Arabic shai (tea), closely followed by ahwa (coffee), both drunk black, are Egypt's favourite drinks. Delicious seasonal fresh juices are cheap and readily available too. Many Egyptians don't drink alcohol in accordance with Islamic traditions, but locally brewed beer is served in higher-end and tourist-orientated restaurants. Drinking on the street is taboo, as is public drunkenness.
Tea & Coffee
Drinking shai (tea) is the signature pastime of the country, and it is seen as strange and decidedly antisocial not to sip the tannin-laden beverage at regular intervals throughout the day. Shai usually comes as a strong brew of local leaves, ground fine and left in the bottom of the glass, or served ‘English’-style, as a teabag plonked in a cup or glass of hot water. It is usually served sweet; to moderate this, order it sukar khafif – with ‘a little sugar’. If you don’t want any sugar, ask for min ghayr sukar. Far more refreshing is shai served with mint leaves: ask for shai bi-na’na. In winter locals love to drink sweet shai bi-haleeb (tea with milk).
Arabic ahwa (coffee), traditionally served in coffeehouses, is a thick and powerful Turkish-style brew that’s served in small cups and drunk in a couple of short sips. As with tea, you have to specify how much sugar you want: ahwa mazboot is a moderate amount of sugar, ahwa saada is without sugar, and ahwa ziyada (extra sweet) will likely make your teeth fall out on contact. Traditionally you can tell your future from the coffee mud left at the bottom. In hotels and Western-style restaurants you are more likely to be served instant coffee (always called neskafe), although upmarket places increasingly serve Italian-style espressos and cappuccinos.
The coffeehouse, known as ahwa (the Arabic word for coffee is now synonymous with the place in which it’s drunk), is one of the great Egyptian social institutions. Traditionally ahwas have been all-male preserves, but it’s now common to see young, mixed-sex groups of Egyptians in ahwas, especially in Cairo and Alexandria. The ahwa is a relaxed and unfussy place where regulars go every day to sip a glass of tea, meet friends, talk about politics or wind down for the night.
A feature of coffeehouses from Alexandria to Aswan, shisha is a pastime that’s as addictive as it is magical. Most people opt for tobacco soaked in apple juice (tuffah) but in trendier places it’s also possible to order strawberry, melon, cherry or mixed-fruit flavours. A decorated glass pipe filled with water will be brought, hot coals will be placed in it to get it started and you will be given a disposable plastic mouthpiece to slip over the pipe’s stem. The only secret to a good smoke is to take a puff every now and again to keep the coals hot. Bliss!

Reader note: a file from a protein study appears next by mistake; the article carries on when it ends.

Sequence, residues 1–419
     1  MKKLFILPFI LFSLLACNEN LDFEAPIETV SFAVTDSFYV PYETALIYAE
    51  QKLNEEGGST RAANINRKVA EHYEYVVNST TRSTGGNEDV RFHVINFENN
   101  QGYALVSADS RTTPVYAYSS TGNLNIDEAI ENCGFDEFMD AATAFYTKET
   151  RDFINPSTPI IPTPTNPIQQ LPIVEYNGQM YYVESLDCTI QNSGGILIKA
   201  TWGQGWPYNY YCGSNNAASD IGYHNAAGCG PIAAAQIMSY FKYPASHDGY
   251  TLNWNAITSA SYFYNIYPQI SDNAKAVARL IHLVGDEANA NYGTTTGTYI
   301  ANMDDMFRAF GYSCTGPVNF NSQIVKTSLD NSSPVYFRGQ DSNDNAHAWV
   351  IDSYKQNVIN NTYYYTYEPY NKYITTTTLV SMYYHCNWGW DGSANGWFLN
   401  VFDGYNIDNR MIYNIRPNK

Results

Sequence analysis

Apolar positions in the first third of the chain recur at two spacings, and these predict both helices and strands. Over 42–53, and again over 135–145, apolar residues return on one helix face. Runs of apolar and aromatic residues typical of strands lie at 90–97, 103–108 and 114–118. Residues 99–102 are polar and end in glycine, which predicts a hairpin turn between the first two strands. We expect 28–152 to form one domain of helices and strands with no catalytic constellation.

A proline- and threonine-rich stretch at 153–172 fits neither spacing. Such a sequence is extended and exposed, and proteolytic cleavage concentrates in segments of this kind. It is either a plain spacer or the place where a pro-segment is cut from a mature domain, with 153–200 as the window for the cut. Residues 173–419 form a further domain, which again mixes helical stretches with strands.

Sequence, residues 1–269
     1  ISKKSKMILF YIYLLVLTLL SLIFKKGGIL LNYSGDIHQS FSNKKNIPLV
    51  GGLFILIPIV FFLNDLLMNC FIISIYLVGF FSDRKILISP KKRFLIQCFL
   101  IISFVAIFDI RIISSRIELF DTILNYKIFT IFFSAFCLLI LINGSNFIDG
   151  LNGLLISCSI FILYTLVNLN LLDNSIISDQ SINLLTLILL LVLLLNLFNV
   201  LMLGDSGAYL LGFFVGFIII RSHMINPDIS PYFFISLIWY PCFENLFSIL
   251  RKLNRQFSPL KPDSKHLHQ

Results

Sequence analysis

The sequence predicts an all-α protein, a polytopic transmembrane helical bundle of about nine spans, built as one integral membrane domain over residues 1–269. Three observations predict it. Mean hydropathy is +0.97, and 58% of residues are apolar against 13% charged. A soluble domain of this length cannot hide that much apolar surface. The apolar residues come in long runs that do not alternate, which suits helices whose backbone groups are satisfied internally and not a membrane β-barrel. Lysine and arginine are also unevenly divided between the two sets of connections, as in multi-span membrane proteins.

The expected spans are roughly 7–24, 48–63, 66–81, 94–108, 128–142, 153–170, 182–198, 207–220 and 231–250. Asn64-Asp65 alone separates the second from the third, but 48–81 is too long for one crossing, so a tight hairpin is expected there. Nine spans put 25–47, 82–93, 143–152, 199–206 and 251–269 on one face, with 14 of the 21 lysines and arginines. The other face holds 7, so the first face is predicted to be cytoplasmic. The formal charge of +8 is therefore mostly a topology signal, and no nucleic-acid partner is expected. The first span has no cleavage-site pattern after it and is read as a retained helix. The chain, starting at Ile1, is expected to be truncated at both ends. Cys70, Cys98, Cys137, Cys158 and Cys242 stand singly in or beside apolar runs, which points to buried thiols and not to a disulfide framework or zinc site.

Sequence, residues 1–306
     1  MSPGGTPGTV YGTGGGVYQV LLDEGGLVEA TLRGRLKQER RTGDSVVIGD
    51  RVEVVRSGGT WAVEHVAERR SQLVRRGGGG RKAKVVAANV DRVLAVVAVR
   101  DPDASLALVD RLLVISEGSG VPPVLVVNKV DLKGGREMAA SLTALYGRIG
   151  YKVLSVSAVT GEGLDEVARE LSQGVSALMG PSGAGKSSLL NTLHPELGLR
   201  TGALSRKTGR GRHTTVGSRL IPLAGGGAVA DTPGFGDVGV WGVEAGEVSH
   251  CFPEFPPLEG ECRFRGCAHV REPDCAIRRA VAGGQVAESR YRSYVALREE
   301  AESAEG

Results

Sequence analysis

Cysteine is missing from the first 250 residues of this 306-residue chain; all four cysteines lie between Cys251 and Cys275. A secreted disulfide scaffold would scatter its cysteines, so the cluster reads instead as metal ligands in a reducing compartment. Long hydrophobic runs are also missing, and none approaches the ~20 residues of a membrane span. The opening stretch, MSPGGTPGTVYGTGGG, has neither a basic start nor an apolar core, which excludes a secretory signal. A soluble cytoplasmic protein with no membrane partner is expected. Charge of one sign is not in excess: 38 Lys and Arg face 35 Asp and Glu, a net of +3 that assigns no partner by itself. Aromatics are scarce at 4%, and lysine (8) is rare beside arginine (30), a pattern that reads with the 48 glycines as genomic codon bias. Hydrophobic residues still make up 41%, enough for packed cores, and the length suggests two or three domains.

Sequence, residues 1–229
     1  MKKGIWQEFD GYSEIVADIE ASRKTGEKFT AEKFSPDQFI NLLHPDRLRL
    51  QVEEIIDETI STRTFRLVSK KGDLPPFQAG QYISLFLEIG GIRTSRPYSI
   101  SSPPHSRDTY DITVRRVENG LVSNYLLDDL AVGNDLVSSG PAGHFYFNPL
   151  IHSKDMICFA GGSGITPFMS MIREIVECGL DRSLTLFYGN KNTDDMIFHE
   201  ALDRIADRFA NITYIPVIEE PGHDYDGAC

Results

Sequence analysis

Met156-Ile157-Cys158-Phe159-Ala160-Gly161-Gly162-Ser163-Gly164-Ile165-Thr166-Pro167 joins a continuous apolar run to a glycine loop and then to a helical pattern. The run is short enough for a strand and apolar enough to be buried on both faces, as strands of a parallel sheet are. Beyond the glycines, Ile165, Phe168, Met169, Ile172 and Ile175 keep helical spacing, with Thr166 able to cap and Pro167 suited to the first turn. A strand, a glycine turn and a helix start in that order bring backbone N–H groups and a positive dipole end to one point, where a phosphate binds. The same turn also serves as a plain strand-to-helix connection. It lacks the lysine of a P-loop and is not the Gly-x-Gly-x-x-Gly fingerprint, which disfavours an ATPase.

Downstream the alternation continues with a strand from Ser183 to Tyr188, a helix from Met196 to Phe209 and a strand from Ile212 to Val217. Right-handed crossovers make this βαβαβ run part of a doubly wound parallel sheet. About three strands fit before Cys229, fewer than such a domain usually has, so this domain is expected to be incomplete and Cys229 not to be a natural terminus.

Of course, it’s worth mentioning that even though the smoke from shisha is filtered through water and tastes nothing like the tobacco from cigarettes, it’s smoke nevertheless, and the nicotine hit you’ll get is far more intense.
Beer & Wine
For beer in Egypt just say ‘Stella’ – though not to be confused with the Belgian lager, it’s light and perfectly drinkable. It now has sister brews in crisp, lower-alcohol Sakara Gold and the dangerous Sakara King (10%). Most locals just stick to the unfussy basic brew – it’s the cheapest (around LE15 for a half-litre retail) and, as long as it’s cold, it tastes fine.
Over the past decade the quality and choice of wine in Egypt has improved significantly. For the better wines, such as the Château des Rêves cabernet sauvignon, the grapes are imported from Lebanon. The Gianaclis whites are serviceable. These wines retail between LE70 and LE270 per bottle. Imported wines are both harder to find and significantly more expensive.
Over the hot summer months many ahwa-goers opt for cooler drinks such as chilled, crimson-hued karkadai, a wonderfully refreshing drink boiled up from hibiscus leaves and famous for ‘strengthening the blood’ (lowering blood pressure). It’s also served hot in winter. Another refresher is fresh limoon (lemon juice), sometimes blended with mint (bi-na'na). In winter many prefer sahlab, a thick warm drink made with the starch from the orchid tuber, milk and chopped nuts; helba, a fenugreek tea; or yansoon, a digestive aniseed drink.
Juice stands are recognisable by the hanging bags of netted fruit (and carrots) that adorn their facades and are an absolute godsend on a hot day. Standard asiir (juices) include moz (banana), guafa (guava), limoon, manga (mango), bortuaan (orange), rumman (pomegranate; say min ghayr sukar to avoid sugar overload), farawla (strawberry) and qasab (sugar cane). A glass costs between LE5 and LE15 depending on the fruit used and where you drink it.
Water from the Nile
Egyptians say that once you drink water from the Nile, you will always come back. Once you drink water from the tap, however, you might not feel like going anywhere – the stuff can be toxic. The exception is in Cairo, where, if you have a hardier constitution, you can usually drink it without injury – most locals do, even if it tastes heavily of chlorine.